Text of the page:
How could Kevin Garnett and Big Baby Davis guard these two players without fouling? Do you put Garnett on Lee? We already saw Lee blow by Garnett three times in the first half for layups or free throws. Can Big Baby Davis guard Dorell Wright out at the three point line?
No, obviously you have to guard them the other way around. But didn’t we see David Lee destroy Big Baby on a pick and roll at the end of the first half? And wouldn’t Dorell Wright be pulling Garnett, the Celtics best remaining defender at the rim, all the way out to the three point line? Wouldn’t the entire floor open up for Monta and Curry and Williams?
Well, you might ask, but wouldn’t this lineup get killed on the boards? Do you mean worse than the 52-35 drubbing they actually took? The Warriors can’t worry about that when matched up with teams like the Celtics. They have to take their chances with Lee on Big Baby, which is a matchup I like, and DWright on Garnett, which is a matchup I would be very intrigued to watch.
And they have to take their chance with offense. Their best offense. They have to, as Jim Barnett puts it, play to win.
It got worse. Far worse. At the 6:00 minute mark of the 3rd Q, Glen Davis went to the bench with foul trouble. And Doc Rivers started trotting out giant meatballs. Like Semih Erden. And Luke Harangody.
OK, this was the moment, right? Surely Keith Smart couldn’t miss this one!!? Oh yes, he could. Despite the fact that the Warriors offense had been stuck in reverse against the ramped up Celtic defense ever since the start of the second half, Keith Smart refused to try to create matchup problems for the crippled Celtics. He stayed BIG throughout the third Q, which the Warriors lost by 10 points, to go down 88-78.
Smart finally went small to start the fourth Q, and what happened? The Warriors immediately went on a run to pull within four.
And then, at 8:47 the game reached a turning point. Big Baby steamrolled Udoh for the second play in a row, resulting in free throws. He made both to put the Celtics up 6, but more importantly, Doc Rivers hustled Ray Allen, Paul Pierce and Kevin Garnett into the game for crunch time. Did Smart come back with David Lee and Monta Ellis for crunch time? Did he get Udoh away from a difficult matchup? Did he get his best lineup on the floor? No, Smart dithered, as he has done all year long, “coaching the score.” And this time it bit him and the Warriors in the ass:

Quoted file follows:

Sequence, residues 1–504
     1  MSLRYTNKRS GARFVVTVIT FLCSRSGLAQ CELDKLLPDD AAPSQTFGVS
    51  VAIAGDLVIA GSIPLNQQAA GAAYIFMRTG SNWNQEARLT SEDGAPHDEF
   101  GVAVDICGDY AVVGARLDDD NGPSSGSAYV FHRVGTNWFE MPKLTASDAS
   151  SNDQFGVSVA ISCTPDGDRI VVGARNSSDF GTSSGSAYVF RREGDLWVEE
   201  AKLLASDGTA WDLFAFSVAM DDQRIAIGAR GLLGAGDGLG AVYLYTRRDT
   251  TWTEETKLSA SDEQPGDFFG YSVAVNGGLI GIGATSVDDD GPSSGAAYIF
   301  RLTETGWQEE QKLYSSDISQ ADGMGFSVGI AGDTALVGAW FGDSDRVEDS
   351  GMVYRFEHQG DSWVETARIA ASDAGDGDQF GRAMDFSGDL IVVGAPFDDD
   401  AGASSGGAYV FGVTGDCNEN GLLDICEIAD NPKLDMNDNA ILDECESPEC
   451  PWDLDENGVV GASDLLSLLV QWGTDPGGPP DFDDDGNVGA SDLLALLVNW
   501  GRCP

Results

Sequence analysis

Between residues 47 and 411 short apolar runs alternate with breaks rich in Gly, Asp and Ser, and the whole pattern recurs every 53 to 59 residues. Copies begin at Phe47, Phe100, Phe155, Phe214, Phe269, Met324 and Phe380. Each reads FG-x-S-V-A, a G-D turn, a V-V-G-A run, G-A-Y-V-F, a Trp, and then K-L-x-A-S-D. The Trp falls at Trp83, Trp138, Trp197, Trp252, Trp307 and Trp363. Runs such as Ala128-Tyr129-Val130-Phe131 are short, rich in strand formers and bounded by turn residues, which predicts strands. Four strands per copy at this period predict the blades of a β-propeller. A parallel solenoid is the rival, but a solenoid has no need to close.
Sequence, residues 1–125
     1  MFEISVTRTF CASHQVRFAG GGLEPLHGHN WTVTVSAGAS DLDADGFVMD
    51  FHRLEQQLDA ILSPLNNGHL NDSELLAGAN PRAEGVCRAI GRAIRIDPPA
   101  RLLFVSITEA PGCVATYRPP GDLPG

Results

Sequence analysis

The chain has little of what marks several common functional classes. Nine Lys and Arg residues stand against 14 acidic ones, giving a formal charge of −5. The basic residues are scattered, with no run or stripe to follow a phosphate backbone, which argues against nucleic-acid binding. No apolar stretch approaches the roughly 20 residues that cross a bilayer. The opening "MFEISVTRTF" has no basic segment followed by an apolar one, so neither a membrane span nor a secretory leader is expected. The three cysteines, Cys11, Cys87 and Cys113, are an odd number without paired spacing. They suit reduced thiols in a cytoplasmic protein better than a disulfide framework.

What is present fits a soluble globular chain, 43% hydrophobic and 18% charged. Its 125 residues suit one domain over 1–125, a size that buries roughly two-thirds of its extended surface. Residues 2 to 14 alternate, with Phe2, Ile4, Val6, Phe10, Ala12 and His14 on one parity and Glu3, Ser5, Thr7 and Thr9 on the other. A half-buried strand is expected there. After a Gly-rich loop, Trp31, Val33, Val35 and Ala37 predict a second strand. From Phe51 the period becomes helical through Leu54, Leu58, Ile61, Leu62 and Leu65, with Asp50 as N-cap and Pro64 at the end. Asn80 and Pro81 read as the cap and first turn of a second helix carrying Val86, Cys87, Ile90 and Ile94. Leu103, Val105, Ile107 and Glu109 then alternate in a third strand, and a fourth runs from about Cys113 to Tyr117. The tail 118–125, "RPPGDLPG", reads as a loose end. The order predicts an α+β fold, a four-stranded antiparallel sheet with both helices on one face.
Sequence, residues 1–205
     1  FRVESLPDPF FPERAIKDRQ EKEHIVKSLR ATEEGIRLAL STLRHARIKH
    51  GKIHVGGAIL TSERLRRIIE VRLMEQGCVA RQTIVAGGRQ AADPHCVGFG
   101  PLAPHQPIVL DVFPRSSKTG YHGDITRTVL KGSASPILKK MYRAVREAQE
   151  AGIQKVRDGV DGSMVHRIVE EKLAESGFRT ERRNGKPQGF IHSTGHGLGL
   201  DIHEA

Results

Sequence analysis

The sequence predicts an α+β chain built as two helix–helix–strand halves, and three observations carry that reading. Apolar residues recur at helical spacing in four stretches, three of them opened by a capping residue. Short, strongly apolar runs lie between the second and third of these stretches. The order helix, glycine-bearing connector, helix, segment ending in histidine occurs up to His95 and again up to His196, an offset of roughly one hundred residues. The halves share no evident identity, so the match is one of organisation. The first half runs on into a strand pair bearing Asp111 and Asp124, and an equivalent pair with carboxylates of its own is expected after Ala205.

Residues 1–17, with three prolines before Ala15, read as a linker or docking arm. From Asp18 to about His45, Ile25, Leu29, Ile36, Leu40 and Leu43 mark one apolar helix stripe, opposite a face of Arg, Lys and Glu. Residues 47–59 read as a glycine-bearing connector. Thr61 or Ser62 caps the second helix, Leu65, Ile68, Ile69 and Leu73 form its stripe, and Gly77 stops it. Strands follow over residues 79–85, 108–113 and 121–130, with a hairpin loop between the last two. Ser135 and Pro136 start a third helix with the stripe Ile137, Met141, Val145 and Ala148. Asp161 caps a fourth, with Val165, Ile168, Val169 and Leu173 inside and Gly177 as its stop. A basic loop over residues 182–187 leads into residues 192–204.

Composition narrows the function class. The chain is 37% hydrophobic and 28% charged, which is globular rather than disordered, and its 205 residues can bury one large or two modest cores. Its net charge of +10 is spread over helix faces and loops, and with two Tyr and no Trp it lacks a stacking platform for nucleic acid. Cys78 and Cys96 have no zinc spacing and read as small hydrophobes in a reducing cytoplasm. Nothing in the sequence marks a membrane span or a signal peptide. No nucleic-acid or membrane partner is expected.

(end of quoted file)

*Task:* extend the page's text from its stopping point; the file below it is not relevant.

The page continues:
- 7:54 The Celtics leave Acie Law unguarded at the three point line. He bricks it, as he is supposed to, and the Celtics run it out and dunk.
- 7:25 The best shot the Warriors can get is a Vlad Rad midrange pull-up off the dribble. Another run out.
- 7:00 Keith Smart finally calls timeout with the Warriors down 12.
Ok, I thought, there’s still time to get your best lineup out there. But no. Smart came back with Andris Biedrins alongside Lee. And at 4:40, with the Warriors still down 12, still within reach, Smart replaced the injured Biedrins with Udoh.
By lacking the courage to attack this Boston Celtics team with what he knows is his best lineup, by lacking the courage to play to win, and let the chips fall where they may — Joe Lacob be damned — Keith Smart forced his Warriors team to eat yet another blowout on their home floor. How many times did Don Nelson get blown out at home in his last two seasons, coaching rookies and D-leaguers?
I’ve taken a lot of heat over the years for my “obsession” with Don Nelson. Inexplicable to many. But at the heart of it was something very simple. Don Nelson never believed he was going to lose. Every single time he set foot on the hardwood, he coached to win. Every time. He may not have had championship teams, but he himself was a champion, with a champion’s heart.
During the post-game press conference, Keith Smart was asked: “What happened to the Warriors’ offense in the second half?” This is what came out of his mouth:
“The Boston Celtics.”
He elaborated: “Nothing you can do is going to surprise them.” “Everyone has to play great. That’s what happened [when Don Nelson beat them 6 times straight], everyone played great.”
Do you see the theme here? If Keith Smart truly dared to look at himself in the mirror after this game, this is what he would see staring back at him:
A losing mentality.
Before the game, Ray Allen was caught on camera telling his teammates:
“This team here, they don’t belong on the same floor with us.”
He got it wrong. It’s not the Warriors players that don’t belong on the same floor as champions.
It’s the Warriors’ coach.